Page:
According to Uber’s website, from the moment a driver accepts a trip request until that trip ends, Uber provides $1 million in liability coverage, including uninsured and underinsured coverage. This coverage is available to injured ride-share passengers, other drivers, and pedestrians, as long as the ride-share app is on and the driver has passengers. To the contrary, most taxi companies normally only carry the minimum in bodily injury coverage ($20,000 per person/$40,000 per accident). Therefore, Uber’s $1 million in liability coverage is significantly better than the average taxi’s insurance coverage.

However, there is a ride-share insurance gap. When an Uber driver has the ride-share app on but doesn’t have any passengers, does Uber’s $1 million insurance provide coverage? This issue first came to light after the tragic accident in San Francisco. The family of the six year-old girl filed a wrongful death lawsuit against Uber, which denied liability on the basis that the UberX driver, although available, didn’t have any passengers at the time of the accident. After much public outcry and criticism, Uber changed its policy to eliminate this insurance gap uncertainty. Since that time, Uber claims that its drivers are covered by bodily injury coverage from the moment that a driver turns on the app and is available for a trip request. However, the limits of coverage aren’t the same. If an Uber driver is available but has no passengers and hasn’t accepted a job, Uber provides $50,000 person/$100,000 per accident in coverage. Once a driver accepts a job, the $1 million in coverage becomes available.

Governor Charlie Baker is now weighing in on this topic with legislation that would create statutory standards to govern ride-share companies (referred to as Transportation Network Companies or TNCs). The proposed law would require that all TNC drivers carry the standard minimum automobile bodily injury coverage, effective when a TNC driver is available but before accepting a trip request. Upon accepting a trip request, a TNC driver then would be required to carry $1 million in liability insurance. The bill would bring all TNCs within the regulatory authority of the Commonwealth, and would subject TNC drivers to more stringent background and eligibility requirements. The proposed legislation has been vehemently opposed by the taxi industry, which argues that ride-share companies should be subject to the same regulation as the taxi industry.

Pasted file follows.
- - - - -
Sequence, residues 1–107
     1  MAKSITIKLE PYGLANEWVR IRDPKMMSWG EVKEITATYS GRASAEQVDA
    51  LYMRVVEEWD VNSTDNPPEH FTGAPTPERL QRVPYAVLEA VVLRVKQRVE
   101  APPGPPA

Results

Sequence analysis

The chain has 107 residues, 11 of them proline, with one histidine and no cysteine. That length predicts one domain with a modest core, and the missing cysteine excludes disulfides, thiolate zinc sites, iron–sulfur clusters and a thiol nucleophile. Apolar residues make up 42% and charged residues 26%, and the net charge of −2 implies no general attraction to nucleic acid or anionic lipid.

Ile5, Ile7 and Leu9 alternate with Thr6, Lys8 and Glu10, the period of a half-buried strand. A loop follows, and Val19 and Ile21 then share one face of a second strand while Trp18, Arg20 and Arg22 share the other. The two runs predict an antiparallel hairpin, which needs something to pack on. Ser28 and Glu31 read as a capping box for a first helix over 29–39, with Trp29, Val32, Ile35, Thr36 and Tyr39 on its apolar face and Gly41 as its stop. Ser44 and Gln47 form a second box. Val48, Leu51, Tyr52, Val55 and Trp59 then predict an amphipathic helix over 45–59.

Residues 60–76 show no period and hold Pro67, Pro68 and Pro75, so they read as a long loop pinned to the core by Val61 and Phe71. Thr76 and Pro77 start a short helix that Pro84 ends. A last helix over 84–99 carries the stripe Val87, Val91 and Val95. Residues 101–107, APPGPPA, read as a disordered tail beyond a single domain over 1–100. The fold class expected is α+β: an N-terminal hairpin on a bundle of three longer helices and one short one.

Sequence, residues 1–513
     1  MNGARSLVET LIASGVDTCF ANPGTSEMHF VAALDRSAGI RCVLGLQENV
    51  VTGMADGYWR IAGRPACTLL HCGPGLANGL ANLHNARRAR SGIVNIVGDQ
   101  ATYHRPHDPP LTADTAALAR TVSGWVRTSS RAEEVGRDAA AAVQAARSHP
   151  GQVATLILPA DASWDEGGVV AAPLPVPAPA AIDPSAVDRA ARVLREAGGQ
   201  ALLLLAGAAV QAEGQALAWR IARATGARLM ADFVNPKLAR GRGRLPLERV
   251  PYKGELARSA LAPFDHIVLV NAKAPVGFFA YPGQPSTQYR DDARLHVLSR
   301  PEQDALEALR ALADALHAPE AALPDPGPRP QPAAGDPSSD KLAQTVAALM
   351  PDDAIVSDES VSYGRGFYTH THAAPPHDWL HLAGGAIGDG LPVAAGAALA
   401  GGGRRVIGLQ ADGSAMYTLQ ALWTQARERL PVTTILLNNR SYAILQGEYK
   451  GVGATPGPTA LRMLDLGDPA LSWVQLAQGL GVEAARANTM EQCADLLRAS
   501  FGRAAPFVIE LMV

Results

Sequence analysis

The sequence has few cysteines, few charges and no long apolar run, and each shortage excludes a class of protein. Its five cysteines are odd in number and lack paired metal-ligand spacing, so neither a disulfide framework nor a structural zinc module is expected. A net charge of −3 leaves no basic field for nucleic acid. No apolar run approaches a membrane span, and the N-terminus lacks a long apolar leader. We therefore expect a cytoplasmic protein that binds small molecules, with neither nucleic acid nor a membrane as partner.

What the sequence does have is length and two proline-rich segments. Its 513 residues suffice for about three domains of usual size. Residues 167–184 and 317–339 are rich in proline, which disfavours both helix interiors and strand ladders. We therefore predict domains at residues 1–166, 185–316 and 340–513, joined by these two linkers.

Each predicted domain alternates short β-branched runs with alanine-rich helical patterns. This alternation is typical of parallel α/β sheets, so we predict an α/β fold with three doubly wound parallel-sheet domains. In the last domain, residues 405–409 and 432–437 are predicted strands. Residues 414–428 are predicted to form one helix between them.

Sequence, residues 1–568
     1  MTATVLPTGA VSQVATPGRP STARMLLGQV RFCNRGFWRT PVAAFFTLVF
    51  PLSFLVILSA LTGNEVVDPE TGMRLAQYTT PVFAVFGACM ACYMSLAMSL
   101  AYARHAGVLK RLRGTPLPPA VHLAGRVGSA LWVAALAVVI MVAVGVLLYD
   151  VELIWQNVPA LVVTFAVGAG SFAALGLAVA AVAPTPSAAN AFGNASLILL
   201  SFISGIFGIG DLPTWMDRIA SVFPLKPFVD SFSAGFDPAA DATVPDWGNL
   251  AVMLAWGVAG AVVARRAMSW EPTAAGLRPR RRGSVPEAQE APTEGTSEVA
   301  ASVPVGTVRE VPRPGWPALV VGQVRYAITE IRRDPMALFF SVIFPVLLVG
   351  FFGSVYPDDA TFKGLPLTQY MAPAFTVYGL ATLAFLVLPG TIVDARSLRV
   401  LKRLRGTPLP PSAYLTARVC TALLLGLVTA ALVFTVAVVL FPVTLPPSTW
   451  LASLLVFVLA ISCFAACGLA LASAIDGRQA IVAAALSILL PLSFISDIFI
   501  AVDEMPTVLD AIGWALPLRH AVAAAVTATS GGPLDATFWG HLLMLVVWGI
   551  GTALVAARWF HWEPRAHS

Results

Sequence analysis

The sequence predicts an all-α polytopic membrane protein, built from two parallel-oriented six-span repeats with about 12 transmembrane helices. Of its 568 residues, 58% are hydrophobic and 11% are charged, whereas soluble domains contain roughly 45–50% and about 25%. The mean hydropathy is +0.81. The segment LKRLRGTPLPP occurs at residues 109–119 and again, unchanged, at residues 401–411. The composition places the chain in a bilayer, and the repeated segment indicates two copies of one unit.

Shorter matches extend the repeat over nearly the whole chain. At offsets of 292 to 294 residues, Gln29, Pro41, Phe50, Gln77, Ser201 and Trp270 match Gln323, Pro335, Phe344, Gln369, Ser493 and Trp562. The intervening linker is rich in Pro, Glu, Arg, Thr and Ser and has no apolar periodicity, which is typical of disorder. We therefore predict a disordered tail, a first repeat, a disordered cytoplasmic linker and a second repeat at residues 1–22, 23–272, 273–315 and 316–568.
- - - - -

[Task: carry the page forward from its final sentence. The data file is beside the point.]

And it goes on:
As the popularity of Uber and other similar companies increases, regulators and lawmakers are responding with changes in the law that will affect liability coverage for ride-share companies, drivers, riders and those who may become involved in an accident with an Uber-driven vehicle. Pierce & Mandell’s attorneys have years of experience in all areas of insurance litigation and personal injury litigation.

Massachusetts Appeals Court Extends Workers’ Compensation Bar to “Alternate Employers”

Friday, November 06, 2015

by Paul Hourihan, Pierce & Mandell, P.C.

The Massachusetts Appeals Court recently extended the bar on liability provided in the Massachusetts Workers’ Compensation Act, G.L. c. 152, § 1, et seq., to protect employers whose employees are provided by a separate staffing entity. The Massachusetts Workers’ Compensation statute requires employers to obtain workers’ compensation insurance for all employees to ensure that employees injured during the course of their employment will be adequately and expeditiously compensated.  The statute also provides that, on the other hand, workers injured on the job cannot sue their employer for negligently causing the accident.

This statute has created a bit of an ambiguity in the context of the temporary workers provided by staffing companies. When a company needs extra manpower (or womanpower), and contracts with a staffing company for temporary employees, nothing in the Workers’ Compensation Act prevents an injured temporary employee from suing the temporary employer, regardless of coverage under an insurance policy.

The Massachusetts Appeals Court, in Molina v. State Garden, Inc., 88 Mass. App. Ct. 173 (Sept. 3, 2015) recently ruled that the Workers’ Compensation Act will serve to bar the claims of an injured employee against a temporary employer when (1) the temporary employer works at the direction of the temporary employer and (2) the temporary employer is afforded workers’ compensation insurance coverage under an “alternate employer endorsement” of the staffing company’s insurance policy. The “alternative employer endorsement” of the policy will serve to cover a temporary employee’s accident and will provide the temporary employer the protections of the Workers’ Compensation Act.